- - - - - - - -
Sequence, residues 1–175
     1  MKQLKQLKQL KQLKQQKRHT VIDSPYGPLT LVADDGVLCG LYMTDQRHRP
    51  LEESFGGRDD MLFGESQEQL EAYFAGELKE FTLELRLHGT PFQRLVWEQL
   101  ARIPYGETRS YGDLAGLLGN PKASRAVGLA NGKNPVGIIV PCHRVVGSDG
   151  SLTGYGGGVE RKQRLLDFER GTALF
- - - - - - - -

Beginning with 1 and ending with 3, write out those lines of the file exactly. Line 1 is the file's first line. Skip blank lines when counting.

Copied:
Sequence, residues 1–175
     1  MKQLKQLKQL KQLKQQKRHT VIDSPYGPLT LVADDGVLCG LYMTDQRHRP
    51  LEESFGGRDD MLFGESQEQL EAYFAGELKE FTLELRLHGT PFQRLVWEQL